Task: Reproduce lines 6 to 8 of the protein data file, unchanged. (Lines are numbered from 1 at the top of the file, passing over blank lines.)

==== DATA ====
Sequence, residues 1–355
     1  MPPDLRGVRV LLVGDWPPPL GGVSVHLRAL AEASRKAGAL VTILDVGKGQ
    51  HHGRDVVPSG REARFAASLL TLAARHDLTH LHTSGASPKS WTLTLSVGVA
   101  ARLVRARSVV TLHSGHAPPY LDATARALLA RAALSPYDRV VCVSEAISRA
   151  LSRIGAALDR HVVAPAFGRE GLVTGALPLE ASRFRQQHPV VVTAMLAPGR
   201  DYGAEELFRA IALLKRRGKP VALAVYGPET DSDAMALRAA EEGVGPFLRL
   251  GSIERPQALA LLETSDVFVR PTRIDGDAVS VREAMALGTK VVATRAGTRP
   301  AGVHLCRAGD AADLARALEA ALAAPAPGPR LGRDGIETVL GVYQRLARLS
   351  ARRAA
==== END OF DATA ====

   201  DYGAEELFRA IALLKRRGKP VALAVYGPET DSDAMALRAA EEGVGPFLRL
   251  GSIERPQALA LLETSDVFVR PTRIDGDAVS VREAMALGTK VVATRAGTRP
   301  AGVHLCRAGD AADLARALEA ALAAPAPGPR LGRDGIETVL GVYQRLARLS